Mobile phones in Africa and Middle East unprotected


Research released by Norton shows that many mobile phones used in the Middle East and African are not secured and locked posing high risk of mobile cybercrime.

The reports released by the Communications Commission of Kenya in the first quarter of 2012/2013, shows that Kenya’s mobile penetration is at 77.2 per cent; with a market share of 30.4 million mobile subscribers by September last year and that 32.4 per cent of the population accesses the internet via the mobile phone.

According to the Norton Symantec study, nine out of ten adults which narrow to 87% adults living in the Middle East and Africa use mobile to surf online download apps, shopping, advertisement and making payment.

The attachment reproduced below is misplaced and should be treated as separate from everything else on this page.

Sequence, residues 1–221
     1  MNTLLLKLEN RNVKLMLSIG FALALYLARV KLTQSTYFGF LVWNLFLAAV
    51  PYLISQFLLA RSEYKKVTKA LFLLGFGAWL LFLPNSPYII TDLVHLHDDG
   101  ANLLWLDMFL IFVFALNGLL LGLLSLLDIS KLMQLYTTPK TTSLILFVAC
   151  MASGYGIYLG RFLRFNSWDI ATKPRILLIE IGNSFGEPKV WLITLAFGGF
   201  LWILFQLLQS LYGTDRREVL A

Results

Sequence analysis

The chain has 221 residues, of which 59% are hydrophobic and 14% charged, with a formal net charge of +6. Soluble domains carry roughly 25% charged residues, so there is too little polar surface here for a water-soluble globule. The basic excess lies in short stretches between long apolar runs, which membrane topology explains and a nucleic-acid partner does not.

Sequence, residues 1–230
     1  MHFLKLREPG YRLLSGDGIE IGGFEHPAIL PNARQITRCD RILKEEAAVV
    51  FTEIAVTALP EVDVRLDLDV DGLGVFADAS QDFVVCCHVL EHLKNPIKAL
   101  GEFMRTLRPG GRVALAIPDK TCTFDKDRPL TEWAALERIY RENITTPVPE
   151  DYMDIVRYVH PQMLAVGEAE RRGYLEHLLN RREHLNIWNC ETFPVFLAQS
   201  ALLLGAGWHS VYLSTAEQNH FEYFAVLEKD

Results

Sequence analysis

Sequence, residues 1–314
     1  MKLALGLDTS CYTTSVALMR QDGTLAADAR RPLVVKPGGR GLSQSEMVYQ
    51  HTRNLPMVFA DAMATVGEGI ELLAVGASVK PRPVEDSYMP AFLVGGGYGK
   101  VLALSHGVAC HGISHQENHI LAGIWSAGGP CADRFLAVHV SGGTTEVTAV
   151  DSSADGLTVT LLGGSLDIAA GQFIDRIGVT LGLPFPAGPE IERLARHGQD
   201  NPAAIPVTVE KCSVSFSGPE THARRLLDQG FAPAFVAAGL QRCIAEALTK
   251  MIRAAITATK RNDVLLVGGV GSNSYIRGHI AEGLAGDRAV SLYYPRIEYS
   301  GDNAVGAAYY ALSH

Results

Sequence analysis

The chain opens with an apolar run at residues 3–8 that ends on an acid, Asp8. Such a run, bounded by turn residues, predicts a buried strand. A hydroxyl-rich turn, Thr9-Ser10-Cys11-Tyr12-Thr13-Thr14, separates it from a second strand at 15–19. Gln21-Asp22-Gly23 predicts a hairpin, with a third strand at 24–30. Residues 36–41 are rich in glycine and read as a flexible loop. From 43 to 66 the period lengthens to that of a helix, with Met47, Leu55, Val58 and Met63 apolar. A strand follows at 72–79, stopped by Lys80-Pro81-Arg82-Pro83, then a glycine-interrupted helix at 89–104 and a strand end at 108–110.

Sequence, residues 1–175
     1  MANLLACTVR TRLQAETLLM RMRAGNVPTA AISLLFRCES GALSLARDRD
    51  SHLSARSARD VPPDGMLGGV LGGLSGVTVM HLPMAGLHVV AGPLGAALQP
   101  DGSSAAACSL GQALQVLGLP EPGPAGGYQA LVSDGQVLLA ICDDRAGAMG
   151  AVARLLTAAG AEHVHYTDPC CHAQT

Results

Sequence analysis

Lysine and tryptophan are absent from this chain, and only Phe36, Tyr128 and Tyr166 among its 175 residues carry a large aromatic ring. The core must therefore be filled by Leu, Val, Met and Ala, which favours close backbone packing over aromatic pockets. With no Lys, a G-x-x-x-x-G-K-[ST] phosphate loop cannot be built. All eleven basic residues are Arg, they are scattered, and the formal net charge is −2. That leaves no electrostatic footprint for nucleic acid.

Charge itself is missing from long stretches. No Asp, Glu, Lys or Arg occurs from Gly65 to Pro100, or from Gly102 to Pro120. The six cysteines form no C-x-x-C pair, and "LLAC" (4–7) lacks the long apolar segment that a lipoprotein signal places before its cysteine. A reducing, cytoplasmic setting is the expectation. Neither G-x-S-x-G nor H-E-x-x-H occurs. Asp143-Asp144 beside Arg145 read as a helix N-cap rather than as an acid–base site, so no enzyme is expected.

Kara Rawden,the Senior Marketing Manager, Consumer - Middle East & Africa at Norton by Symantec, added that people are relying more and more on their mobile phones and tablets to navigate, share, socialise and shop.

 “What many consumers may not realise is exactly how much of their personal and private information is up for grabs should these devices be compromised, lost or stolen. Considering the sensitive nature of data that is accessible from personal mobile devices, consumers need to take some basic, yet easy, precautions to protect it from falling into the wrong hands,” added Kara.

The study indicates that 29% of the mobile users do not use secure payment method while making purchases from their mobile device, leaving their sensitive information such as credit card details vulnerable.

In addition, 28% admitted to not using a password to help protect their personal data which poses risk to access to personal information.

Mobile devices consumers are advised to protect their phones just like the computer users to cab cybercrime.